According to the manufacturer, the device is able to work 3-4 weeks in the PDA mode (30 min a day), 3-4 hours in the talk mode or up to 100 hours in the standby mode. I tried it and the smartphone worked about 2 days in case of one hour of talking and 3 hours of using it as a PDA. In some cases (in the speakerphone mode) the battery status is indicated incorrectly: it can show that the battery is flat, though it is not true. The error is caused by the fact that the remaining time is calculated regarding the current mode. The indication will become true in a short time.

The SIM holder is not usual (you can see it on the photo). Next to it is the Reset button for soft rebooting; for the complete rebooting with deletion of all data a standard procedure is provided.

Menu and functions

The Treo comes with the 3.5.2H4 Palm OS, that is why any software can be used without restrictions (except shortcuts). The operating system, like in all Handspring products, can't be updated. And I don't understand how they are going to modify the communicator, in particular, to realize the GPRS which is currently unsupported. This function is expected in September (2+1). Reportedly, the hardware is ready, i.e. hardware update won't be necessary. The company refuses the Palm OS because many functions are already realized in the adapted OS version of Handspring, and in the near future the company will use exactly these OSs.

We won't describe the standard capabilities of the Palm OS because it is much written about on the Net. I just want to say that the memory size (16 MBytes) is more than enough, though additional memory slots are not provided.


Note that the interface localization, as well as data input, make no problems. In particular, the programs which are now available on the market work well.

So, we are mostly interested in the Treo as a cell phone. Press the first hot key and you will get into the menu which includes a virtual keyboard, programmable virtual hot keys, a list of phone numbers and a history of calls. Using the menu you can save any phone in the address book which is almost unlimited as far as the number of entries is concerned (well, in fact, the limit is 1,000). Each call has time, type (incoming, outgoing) and some other data (e.g. duration) displayed.

The main menu got some new standard applications. The SIM Book allows you to read data recorded in the phone book of the SIM card; SIM srvcs (services) - if the card supports this function; SMS - for reading and writing short messages; you can choose for your text a phone number from the address book or a template.

In case of a call the screen displays a menu which allows you to enable or disable the speakerphone mode or use any application. It means that while speaking you can look through your contacts, notes, documents or even play games. Unfortunately, the Treo doesn't support voice dialing and doesn't have a dictaphone.

Among the standard programs there are a calculator, a post client and a browser (Blazer). The usual day-book is replaced with the DateBook+.

The communicator is excellently synchronized with the PalmDesktop 4.0.1.


The connection quality of the Treo 180 is superb: the sound is good, the volume level is loud enough. In the speakerphone mode the device works flawlessly as well. But the standard headset is not so good: the sound is muffled.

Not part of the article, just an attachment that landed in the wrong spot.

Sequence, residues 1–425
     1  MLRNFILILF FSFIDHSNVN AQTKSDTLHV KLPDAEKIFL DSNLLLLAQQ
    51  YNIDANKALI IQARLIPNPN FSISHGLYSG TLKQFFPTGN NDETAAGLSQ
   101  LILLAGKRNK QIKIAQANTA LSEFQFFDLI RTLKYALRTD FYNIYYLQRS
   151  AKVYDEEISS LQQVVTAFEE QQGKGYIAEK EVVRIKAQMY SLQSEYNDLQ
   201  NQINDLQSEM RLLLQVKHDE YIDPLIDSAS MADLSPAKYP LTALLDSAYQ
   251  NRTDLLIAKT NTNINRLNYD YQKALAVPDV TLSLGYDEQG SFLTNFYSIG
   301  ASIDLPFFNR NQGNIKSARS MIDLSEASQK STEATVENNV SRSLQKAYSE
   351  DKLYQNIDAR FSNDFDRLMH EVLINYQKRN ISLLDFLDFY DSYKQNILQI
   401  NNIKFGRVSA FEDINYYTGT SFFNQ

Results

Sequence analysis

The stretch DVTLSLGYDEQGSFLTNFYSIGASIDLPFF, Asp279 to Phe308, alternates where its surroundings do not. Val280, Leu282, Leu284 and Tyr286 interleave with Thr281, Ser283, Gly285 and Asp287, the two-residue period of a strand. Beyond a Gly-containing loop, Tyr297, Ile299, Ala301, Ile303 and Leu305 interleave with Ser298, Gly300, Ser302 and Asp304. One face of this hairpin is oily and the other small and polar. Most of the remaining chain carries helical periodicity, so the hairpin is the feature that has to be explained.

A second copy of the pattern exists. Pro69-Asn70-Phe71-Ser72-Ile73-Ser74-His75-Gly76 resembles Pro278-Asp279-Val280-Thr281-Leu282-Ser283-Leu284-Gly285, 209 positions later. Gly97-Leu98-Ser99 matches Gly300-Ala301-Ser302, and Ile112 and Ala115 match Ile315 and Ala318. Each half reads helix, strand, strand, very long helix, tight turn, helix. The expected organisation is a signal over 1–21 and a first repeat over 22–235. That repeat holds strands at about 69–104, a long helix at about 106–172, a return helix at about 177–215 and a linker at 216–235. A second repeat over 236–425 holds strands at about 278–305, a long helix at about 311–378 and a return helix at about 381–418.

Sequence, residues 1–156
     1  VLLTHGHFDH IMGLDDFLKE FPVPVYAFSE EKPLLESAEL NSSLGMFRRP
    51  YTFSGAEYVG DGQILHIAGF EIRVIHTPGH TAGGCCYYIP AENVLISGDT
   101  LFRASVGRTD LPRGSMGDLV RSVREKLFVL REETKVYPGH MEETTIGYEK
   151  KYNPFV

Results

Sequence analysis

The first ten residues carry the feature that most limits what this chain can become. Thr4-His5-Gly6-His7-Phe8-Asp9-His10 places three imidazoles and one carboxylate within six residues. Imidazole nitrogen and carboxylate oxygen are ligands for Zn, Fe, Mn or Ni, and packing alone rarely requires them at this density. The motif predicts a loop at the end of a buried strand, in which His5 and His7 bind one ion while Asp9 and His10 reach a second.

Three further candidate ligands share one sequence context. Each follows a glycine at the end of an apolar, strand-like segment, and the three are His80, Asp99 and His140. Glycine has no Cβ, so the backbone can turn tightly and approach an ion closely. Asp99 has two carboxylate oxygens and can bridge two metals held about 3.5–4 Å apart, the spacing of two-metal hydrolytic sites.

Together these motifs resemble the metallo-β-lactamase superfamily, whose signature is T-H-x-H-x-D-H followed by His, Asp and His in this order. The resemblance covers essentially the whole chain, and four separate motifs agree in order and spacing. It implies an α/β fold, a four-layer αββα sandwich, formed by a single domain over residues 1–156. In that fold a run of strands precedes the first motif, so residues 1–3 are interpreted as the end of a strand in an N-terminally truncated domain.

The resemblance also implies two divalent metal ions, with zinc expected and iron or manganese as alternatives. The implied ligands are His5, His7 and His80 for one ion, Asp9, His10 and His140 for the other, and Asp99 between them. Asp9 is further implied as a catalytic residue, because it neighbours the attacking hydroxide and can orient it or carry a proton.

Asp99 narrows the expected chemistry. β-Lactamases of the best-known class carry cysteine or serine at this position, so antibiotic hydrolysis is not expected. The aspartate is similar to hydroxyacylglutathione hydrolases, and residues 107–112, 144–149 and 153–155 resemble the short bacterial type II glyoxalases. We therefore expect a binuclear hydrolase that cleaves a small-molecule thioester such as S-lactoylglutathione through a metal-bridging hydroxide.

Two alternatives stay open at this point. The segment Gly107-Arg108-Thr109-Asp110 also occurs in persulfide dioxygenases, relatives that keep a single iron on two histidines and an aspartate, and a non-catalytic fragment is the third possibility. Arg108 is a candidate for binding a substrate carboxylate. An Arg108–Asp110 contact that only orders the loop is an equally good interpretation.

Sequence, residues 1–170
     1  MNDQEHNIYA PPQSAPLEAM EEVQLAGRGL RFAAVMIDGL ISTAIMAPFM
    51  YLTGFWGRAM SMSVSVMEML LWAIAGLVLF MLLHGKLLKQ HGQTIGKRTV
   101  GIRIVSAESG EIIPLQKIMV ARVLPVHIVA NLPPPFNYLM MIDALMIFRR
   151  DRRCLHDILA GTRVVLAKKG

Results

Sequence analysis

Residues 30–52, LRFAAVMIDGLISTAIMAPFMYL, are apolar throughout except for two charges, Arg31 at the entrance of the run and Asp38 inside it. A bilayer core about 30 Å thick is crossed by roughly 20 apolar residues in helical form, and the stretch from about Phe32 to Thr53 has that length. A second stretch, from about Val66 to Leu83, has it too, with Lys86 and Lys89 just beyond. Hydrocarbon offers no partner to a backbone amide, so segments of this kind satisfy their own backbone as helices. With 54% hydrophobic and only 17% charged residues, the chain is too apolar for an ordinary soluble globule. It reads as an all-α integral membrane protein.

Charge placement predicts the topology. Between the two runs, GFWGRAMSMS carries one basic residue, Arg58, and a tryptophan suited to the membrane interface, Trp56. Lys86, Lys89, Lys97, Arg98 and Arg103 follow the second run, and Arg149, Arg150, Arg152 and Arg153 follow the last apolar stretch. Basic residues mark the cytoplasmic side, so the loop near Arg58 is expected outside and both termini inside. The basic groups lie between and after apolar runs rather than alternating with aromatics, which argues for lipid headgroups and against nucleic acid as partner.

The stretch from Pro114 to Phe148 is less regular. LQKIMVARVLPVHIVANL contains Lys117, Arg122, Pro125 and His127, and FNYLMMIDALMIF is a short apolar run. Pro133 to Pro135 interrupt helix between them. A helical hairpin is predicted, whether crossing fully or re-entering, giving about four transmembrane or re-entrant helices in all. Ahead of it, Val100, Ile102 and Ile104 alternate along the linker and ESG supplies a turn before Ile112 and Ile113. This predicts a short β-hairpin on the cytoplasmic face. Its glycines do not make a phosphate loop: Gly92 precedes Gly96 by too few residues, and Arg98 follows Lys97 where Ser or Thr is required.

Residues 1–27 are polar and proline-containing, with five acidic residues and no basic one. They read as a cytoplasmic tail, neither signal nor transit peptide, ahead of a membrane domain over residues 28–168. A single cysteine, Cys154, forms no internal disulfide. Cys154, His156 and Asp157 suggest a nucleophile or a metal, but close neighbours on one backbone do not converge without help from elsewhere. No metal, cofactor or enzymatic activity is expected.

Sometimes the ring seems to be too quiet, but I heard it well even at the noisy display. I can feel the vibracall quite well when I hold the device, and much worse when it is in the shirt pocket.

You can choose a ringtone using the Ringo program. There are other programs as well, for example, MonkeyRinger, but it is not free.

The keyboard suits well for typing short texts in English. Sometimes lack of the graffiti is embarrassing, but it depends on what you got used to.

The dimensions and weight allow for comfortable wearing. As a PDA the Treo 180 doesn't differ from other Palm OS based devices, except the limitations of Handspring, in particular, unupdatable OS, unexpandable memory and lack of additional memory slots, for example, MMC.

It means that it's impossible to modify the device or expand its functionality. The Treo 180 is a hybrid of the latest Handspring PDA and a VisorPhone console equipped with a keyboard. In general, the solution is good, it works longer than other smartphones (2 days against 1 day of the PPC2002 computers), but it still works shorter than any mid-class cell phone. The Treo 180 is for those who don't talk much on the phone and who need a good organizer supporting installation of additional programs and data bases. This device is also useful for those who use SMS quite often. But the Treo still loses to a combination of the Palm PDA and a cell phone in price.

At present both modifications of the Treo 180 are available in USA at $599 without service activation and $399 with service. If you buy the device without service at the manufacturer's site you can save up to $100 if you give them your old PDA (any model, even out-of-order). I think that the price will fall down in the near future because it won't be in great demand. I think in September it will be possible to get it at some $350-400. If not, Handspring will soon leave the market as they have nothing more to offer, and the current products are too expensive. After all, I think that the Treo 270 will appear together with the Palm smartphone.